-Submitted by David Drumm (Nal), Guest Blogger
On New Year’s Day 2006, 31-year-old Lori Stodghill, seven months pregnant with twin boys, was vomiting and out of breath. She called her obstetrician, Dr. Pelham Staples, and he instructed her to go to the emergency room at St. Thomas More Hospital in Cañon City, Colorado. Her husband Jeremy, drove her to the hospital where Lori later suffered a cardiac arrest and stopped breathing due to a pulmonary embolism. Staples never ended up coming to the hospital. Lori’s unborn sons stayed with her.
Nearly two years later, Jeremy sued the hospital, Staples and ER doctor John Pelner for the wrongful death of his wife and twins. The hospital is one of the 78 in 17 states operated by Catholic Health Initiatives.
Regarding Lori’s unborn sons, Catholic Health Initiatives wrote that “under Colorado law, a fetus is not a ‘person,’ and plaintiff’s claims for wrongful death must therefore be dismissed.”
This legal argument, no doubt proposed by their lawyers and approved by Catholic Health Initiatives, is legally sound.
Catholic Health facilities seek to follow the Ethical and Religious Directives of the Catholic Church authored by the U.S. Conference of Catholic Bishops. This doctrine promises: “to respect the sacredness of every human life from the moment of conception.” This example of hypocrisy on the part of Catholic Health Initiatives cannot be used as an argument invalidating this doctrine without committing the fallacy of ad hominem tu quoque.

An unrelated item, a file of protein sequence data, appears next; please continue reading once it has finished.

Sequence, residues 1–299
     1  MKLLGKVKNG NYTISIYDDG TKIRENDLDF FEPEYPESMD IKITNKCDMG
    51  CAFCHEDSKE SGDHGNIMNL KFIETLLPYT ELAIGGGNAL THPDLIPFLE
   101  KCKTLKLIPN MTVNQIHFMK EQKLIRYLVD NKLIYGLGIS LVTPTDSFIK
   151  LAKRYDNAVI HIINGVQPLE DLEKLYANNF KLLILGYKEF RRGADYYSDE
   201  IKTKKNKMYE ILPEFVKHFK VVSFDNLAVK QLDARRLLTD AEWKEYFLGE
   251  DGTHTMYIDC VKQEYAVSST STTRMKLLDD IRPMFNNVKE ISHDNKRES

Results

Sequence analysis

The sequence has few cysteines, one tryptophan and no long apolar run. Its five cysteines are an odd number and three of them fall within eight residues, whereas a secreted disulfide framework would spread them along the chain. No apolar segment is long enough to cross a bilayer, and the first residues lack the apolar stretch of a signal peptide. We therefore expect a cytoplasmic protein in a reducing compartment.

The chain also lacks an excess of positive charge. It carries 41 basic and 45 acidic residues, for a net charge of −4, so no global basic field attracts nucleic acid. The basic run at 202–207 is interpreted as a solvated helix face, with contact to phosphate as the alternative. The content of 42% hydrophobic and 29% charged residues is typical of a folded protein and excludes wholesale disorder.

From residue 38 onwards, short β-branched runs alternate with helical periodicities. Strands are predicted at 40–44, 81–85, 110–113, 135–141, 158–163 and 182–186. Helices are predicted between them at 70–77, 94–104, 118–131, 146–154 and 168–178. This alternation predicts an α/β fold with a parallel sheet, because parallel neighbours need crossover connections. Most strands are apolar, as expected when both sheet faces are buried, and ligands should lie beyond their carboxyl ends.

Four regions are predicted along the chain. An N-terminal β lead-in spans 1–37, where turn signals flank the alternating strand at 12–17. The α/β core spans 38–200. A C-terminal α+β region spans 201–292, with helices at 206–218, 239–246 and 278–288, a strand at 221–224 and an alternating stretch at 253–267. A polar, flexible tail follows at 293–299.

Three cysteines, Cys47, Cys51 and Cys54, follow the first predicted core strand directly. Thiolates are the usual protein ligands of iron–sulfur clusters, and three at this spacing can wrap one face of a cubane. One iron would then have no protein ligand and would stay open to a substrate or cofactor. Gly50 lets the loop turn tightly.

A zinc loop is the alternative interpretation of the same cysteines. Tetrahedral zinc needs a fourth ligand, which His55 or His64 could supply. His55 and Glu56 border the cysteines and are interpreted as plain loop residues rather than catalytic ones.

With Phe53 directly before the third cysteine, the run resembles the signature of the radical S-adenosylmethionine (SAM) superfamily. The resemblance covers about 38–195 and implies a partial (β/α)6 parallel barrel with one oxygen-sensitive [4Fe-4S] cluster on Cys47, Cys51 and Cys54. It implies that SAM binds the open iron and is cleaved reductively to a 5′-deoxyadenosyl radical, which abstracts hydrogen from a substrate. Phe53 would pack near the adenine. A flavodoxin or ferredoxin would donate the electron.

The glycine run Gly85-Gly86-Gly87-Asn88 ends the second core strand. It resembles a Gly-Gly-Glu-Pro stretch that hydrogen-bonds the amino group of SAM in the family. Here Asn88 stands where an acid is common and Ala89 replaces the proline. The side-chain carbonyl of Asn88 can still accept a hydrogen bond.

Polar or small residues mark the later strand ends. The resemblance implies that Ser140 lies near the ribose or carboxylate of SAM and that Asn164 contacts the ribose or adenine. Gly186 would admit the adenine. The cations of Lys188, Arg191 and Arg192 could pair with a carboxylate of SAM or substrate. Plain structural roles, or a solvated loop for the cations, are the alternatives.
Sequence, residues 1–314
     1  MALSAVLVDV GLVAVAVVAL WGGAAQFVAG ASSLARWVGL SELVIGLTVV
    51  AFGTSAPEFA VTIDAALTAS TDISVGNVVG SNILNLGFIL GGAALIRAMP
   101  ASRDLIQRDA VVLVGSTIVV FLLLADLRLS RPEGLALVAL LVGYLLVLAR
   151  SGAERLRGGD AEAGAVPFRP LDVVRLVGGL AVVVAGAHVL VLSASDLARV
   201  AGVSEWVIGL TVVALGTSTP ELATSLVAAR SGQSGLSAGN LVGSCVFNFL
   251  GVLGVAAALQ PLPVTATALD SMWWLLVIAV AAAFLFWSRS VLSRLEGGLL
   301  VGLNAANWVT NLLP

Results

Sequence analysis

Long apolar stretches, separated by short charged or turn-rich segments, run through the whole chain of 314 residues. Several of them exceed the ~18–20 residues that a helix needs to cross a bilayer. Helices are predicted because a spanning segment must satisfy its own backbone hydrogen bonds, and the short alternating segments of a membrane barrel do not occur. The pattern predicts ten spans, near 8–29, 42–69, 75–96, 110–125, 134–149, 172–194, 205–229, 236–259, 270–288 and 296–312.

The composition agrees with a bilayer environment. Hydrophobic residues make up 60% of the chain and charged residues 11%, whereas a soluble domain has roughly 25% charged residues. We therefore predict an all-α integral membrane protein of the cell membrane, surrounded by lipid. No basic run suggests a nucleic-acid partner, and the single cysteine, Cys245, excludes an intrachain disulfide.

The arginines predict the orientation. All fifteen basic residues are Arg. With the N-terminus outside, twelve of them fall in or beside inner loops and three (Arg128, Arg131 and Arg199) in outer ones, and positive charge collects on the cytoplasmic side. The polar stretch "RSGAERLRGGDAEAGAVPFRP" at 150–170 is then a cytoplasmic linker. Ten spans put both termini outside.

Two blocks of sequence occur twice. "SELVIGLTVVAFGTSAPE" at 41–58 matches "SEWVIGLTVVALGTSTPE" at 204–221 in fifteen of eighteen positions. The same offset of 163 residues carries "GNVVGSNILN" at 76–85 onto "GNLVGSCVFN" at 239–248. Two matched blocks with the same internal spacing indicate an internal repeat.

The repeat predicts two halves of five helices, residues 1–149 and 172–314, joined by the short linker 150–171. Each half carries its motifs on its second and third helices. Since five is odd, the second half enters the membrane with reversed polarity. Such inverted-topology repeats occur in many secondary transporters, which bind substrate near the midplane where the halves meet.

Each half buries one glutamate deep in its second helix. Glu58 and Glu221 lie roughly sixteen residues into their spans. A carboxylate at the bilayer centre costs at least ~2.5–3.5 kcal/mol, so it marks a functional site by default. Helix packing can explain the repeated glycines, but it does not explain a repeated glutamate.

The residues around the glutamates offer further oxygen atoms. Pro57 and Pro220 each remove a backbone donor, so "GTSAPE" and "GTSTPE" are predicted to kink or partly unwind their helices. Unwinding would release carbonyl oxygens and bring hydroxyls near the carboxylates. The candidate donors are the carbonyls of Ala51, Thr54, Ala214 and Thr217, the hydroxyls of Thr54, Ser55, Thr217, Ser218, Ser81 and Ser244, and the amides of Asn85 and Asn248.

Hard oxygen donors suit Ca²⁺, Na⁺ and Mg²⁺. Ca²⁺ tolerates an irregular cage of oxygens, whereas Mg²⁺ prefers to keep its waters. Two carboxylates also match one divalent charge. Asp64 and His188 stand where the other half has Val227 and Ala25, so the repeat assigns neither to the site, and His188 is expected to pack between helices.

However, the Catholic Church has positioned itself as an authority on morality. When that morality is sacrificed for money, the Church’s authority is nullified. David Weddle, a religion professor at Colorado College in Colorado Springs, asks whether it’s “morally justifiable to defend yourself on a principle you know to be false.”
Catholic Health Initiatives asked the judge to dismiss the case since Lori would have died regardless of what the hospital did. Fremont County District Court Judge David Thorson sided with Catholic Health Initiatives and dismissed Jeremy’s lawsuit. The doctors and the hospital came after Jeremy for $118,969 in legal fees and he was forced to declare bankruptcy. He also filed a brief asking a panel of three appellate judges to reverse the district court ruling.